Survival Axe - The Only Tool You'll Need to Survive!

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Survival Axe - The Only Tool You'll Need to Survive!

The Off Grid Survival Axe combines a lot of features into one light, compact tool. After pounding, hacking, and sawing with one, I've come up with a comprehensive review of this multi-tool and its features. I'll go through each aspect of the tool, its design, and its durability. If you're looking for a decent all-in-one tool for your home emergency kit, seeking a good survival tool for your bug out bag, or wondering about a multipurpose item for your next camping trip, I'll let you know if the Survival Axe is right for you.


First Impressions

Right out of the package, the Off Grid Survival Axe feels solid, like a tool that might really chop and pound efficiently. Solid, but not too heavy. It feels like the type of tool you could stick in a backpack or carry bag and not worry about the weight. A quick look confirms that this axe is a full tang tool, meaning that it's one piece of steel from the head all the way down through the handle. I was glad to see that, as any serious tool should be full tang. The handle, sandwiched on either side of the steel, is reinforced nylon. It's not too hard or too soft and provides a pretty good gripping surface. The black oxidized coating makes it look sleak and mean. Holding this tool with its oddly-shaped axe/hammer head and variety of holes and teeth, I started thinking think, "this might be fun."

Axe. Hammer. Saw

The axe head came just a bit on the dull side. I'm sure it would have cut just fine, but I sharpened it a little bit anyway. I like blades on the sharper side, but for most people it would be fine right out of the package. Also, it was really easy to sharpen, about five minutes with a sharpening rod. I gathered up some large branches and a few chunks of wood and set out to test the beast. I wasn't disappointed. It chopped 3-4" branches easily and went right through smaller branches. Afterwards, the blade showed no signs of damage; no nicks or rolling of the edge, just a tiny bit of wear on the black coating. If you need to chop up some kindling, cut down a small tree, or de-limb a branch, this axe is more than adequate for the task. 

The hammer was just as tough. I pounded nails, pulled nails, and pried with the claw. The hammer took it all in stride. This is a solid, well-made tool. 

The saw cut very well on a variety of wood types from wooden boards to branches. You may see old reviews of this tool where users complain about the saw not locking while in use. This is apparently a situation that Off Grid has fixed because the current saw locks open and is very stable and easy to use. And, yeah, it cuts metal, too.

The Survival Axe's versatility continues with three hex sockets, a spanner wrench for hose couplings and a gas valve shut off wrench. All seemed to work as designed, in my tests. There is one drawback to the hex sockets. Because of where they are mounted, any hex head in a tight spot or one that's countersunk is going to be impossible to reach. On a tool like this I don't think there's any way around that.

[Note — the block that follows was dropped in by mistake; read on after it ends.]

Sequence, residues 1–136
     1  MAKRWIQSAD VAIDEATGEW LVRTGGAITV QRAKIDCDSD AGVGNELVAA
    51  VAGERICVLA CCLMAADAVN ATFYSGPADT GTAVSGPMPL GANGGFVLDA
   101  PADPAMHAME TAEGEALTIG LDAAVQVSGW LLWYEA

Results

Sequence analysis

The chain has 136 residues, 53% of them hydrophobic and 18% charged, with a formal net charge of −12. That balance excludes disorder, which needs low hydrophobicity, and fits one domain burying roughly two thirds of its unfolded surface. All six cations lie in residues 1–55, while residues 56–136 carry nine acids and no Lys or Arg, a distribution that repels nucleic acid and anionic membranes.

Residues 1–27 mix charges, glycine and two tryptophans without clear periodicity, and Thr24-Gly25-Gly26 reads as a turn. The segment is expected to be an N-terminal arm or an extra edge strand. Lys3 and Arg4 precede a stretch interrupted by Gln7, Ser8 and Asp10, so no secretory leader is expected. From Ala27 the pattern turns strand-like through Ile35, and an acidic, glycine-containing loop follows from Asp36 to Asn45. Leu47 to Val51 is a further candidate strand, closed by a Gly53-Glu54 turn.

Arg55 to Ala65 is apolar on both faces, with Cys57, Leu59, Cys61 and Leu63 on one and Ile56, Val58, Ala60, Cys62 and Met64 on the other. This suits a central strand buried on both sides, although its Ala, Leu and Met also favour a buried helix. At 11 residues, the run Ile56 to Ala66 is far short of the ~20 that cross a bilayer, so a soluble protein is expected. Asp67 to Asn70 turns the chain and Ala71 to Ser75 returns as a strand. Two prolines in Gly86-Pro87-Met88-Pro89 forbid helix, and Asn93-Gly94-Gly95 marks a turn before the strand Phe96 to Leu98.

The recessed nail puller, wire twister, and bottle opener also worked as expected. I didn't test the demolition grip teeth. Above them there is a sharp edge and the packaging refers to it as the box cutter and can opener. While it was easy to shred a box with that sharp tip, I could not figure out how to open a can with it, and I did try. In a survival situation I probably could get the can open, but it might entail a bloody finger, a tiny hole, and a shredded, mangled can. Let's just say there are lots of better ways of opening a can.

I'll admit now that I didn't go out to my car and try to cut the seatbelts with the belt cutter. I did cut cord, twine, and paracord with it. the little blade is super sharp and cut everything easily. I also didn't test the glass breaker, but just looking at how hard and sharp it is makes one think it will work.


The Survival Axe combines a lot of features into one compact, relatively light tool that is solid and durable. With a very few exceptions, all the features work pretty well. It isn't, as the packaging says, "The Only Tool You'll Need to Survive", but it is a good way to carry a workable version of several necessary tools. It's not so heavy that you would hesitate to carry it or so big that it is unwieldy. It's also not too light or flimsy to get the job done. For people who enjoy the outdoors, this would be a great tool for making kindling, sawing branches, cutting paracord, and pounding in tent stakes. For rescue personnel, the belt cutter and glass breaker are essential, and the many other features are nice bonuses. For preppers and survivalists, every item carried should have more than one use. This one has a few dozen. If you don't fall into the category of outdoorsman, prepper, or rescue personnel, you still might need one (or two) of these Off Grid Survival Axes. Leave one in the car for breakdowns and emergency situations, and put another in your home emergency kit for any type of natural disaster.

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